Improving Resilience to Natural Disasters: West Coast Lifelines Vulnerability and Interdependency
David Elms, Ian McCahon and Rob Dewhirst have been taking a fresh approach to evaluating infrastructure resilience investment priorities for West Coast communities.
By looking at the West Coast’s infrastructure as a system, they identify vulnerabilities that prevent ‘flow’ through that system and the importance of each critical pipeline of flow to the West Coast economy and community. Investment priorities are ranked according to their contribution to community resilience; thus infrastructure resilience and community resilience both contribute to the final results.
It is a really interesting approach, which takes a systemic view of resilience investment priorities.
The report is available below, along with the 12 supplementary documents.
John Vargo spoke about organisational resilience with Steve Moe on his podcast series, seeds. In this series of podcasts Steve talks with people making a positive impact, particularly relating to social enterprises and entrepreneurs.
Building a better understanding of metadata and geospatial data
We've uploaded a series of short videos to YouTube to help system users build a better understanding of metdata and how it can build better research practices.
The New Zealand government has committed funding over the next decade to researching our country’s most pressing problems. The National Science Challenges are cross-disciplinary, mission-led programmes. The success of these research programmes requires a new knowledge development ethos. Meaningful collaboration across institutions and disciplines requires effective information management. This means supporting processes where data can be captured, safely shared, and managed to ensure quality, appropriate use, and ongoing development.
Together researchers from the Resilience to Nature’s Challenges and the Building Better Homes, Towns, and Cities National Science Challenges initiated this data literacy programme to provide an easy introduction to the fundamental processes that underpin best-practice collaborative data management.
Please read through our short booklet and watch our videos as you progress your collaborative data management journey! We would love feedback on the resources, ideas for future videos and guides, and suggested contributions. Please email [email protected].
Businesses need to believe they are going to be impacted, that they can reduce this impact through their own actions, and that it is an essential part of business to do so. Those who believe these things invest in resilience. However, it is not enough to rely on the ‘enlightenment’ of businesses to act in their own self-interest. Businesses must be actively nudged and supported.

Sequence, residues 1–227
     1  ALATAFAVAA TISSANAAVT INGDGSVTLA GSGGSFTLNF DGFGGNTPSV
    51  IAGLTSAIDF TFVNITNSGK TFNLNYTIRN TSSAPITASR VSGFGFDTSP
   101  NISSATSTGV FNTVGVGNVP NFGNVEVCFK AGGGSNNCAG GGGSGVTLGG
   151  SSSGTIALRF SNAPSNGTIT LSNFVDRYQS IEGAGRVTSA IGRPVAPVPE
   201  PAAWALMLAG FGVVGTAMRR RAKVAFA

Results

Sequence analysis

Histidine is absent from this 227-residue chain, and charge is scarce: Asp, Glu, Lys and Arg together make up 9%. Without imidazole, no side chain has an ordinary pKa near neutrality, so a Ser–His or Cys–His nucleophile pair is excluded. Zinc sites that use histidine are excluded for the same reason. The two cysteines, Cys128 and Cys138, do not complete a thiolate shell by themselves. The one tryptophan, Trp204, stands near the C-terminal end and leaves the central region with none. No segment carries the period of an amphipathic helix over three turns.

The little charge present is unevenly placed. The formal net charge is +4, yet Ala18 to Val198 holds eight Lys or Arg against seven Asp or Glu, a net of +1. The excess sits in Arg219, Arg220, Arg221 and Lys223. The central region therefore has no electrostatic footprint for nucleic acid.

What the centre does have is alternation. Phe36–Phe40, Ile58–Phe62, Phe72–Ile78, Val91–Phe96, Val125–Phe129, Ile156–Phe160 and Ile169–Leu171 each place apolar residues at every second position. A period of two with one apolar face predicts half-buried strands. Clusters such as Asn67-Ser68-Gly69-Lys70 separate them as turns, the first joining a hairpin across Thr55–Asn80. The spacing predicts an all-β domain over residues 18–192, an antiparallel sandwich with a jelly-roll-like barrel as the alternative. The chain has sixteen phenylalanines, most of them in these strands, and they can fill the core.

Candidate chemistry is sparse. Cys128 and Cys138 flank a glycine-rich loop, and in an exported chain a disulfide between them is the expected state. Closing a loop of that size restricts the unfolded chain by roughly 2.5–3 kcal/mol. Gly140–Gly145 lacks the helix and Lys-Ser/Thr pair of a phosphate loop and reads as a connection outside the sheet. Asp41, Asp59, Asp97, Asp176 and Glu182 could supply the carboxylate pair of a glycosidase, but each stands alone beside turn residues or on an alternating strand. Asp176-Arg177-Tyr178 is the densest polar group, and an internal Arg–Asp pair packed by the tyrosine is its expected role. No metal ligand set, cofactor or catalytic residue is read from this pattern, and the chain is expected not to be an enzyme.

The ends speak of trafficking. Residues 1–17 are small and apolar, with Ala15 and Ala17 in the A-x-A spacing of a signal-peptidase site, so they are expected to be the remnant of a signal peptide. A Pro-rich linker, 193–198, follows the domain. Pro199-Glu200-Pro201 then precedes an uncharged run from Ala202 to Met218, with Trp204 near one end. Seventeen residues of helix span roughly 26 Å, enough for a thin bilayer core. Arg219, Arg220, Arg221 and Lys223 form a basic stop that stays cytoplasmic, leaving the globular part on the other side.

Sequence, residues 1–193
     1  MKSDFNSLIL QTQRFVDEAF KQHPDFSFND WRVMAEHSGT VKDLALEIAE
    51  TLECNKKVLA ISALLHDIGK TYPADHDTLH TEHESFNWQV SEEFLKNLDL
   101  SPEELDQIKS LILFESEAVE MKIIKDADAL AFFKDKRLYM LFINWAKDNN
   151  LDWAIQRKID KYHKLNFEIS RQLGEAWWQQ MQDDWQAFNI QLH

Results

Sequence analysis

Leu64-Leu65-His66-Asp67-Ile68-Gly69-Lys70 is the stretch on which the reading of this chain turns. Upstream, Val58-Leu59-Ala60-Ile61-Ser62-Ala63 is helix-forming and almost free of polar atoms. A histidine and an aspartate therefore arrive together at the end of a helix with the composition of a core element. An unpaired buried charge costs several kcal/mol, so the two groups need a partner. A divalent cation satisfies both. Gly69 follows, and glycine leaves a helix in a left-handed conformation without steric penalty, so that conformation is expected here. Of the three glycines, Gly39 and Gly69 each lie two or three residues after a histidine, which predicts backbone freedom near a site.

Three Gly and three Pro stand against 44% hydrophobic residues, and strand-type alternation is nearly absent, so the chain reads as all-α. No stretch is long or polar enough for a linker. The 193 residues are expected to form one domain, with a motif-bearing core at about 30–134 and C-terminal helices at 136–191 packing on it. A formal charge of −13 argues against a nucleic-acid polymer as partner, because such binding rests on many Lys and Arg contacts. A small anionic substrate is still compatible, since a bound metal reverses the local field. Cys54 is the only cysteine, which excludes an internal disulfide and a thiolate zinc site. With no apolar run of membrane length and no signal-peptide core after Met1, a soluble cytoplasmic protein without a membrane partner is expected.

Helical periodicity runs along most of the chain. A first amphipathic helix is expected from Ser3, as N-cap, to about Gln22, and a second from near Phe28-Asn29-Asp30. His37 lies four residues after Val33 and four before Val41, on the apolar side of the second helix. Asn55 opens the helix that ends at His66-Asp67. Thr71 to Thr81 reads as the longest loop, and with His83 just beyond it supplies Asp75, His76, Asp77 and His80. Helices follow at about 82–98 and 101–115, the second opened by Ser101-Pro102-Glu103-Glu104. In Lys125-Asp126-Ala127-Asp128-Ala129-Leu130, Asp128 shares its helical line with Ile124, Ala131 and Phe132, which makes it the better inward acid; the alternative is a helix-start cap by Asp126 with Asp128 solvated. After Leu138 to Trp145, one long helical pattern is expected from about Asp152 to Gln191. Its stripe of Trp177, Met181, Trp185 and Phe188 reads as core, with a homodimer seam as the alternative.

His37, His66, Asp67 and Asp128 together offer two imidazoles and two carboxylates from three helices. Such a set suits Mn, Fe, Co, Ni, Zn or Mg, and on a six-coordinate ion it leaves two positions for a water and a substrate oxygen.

In June 2017, the National Emergency Management Conference was held in Wellington, with presentations addressing the future of emergency management in New Zealand. Bryce Davies, the General Manager Corporate Relations at IAG (Insurance Australia Group Ltd.), spoke about resilience as a national issue, where public, private, and civil society organisations must be able to thrive in times of crisis. But how do we incentivise organisations to be more resilient?
In his presentation, Davies begins by outlining the benefits and limitations of insurance products to support organisational resilience. Insurance plays a part in building resilience in organisations, yet only 20-30% of businesses have business interruption insurance. Resilience requires a broad consideration of risks and impacts and how they are managed. Ultimately, insurance can provide a backstop for organisations in the form of financial assistance, but cannot stop things from going wrong.
What is needed, Davies says, is belief.
Businesses need to believe they are going to be impacted, that they can reduce this impact through their own actions, and that it is an essential part of business to do so. Those who believe these things invest in resilience. However, it is not enough to rely on the ‘enlightenment’ of businesses to act in their own self-interest.
Davies provides three suggestions to get organisations to react, and invest in building resilience.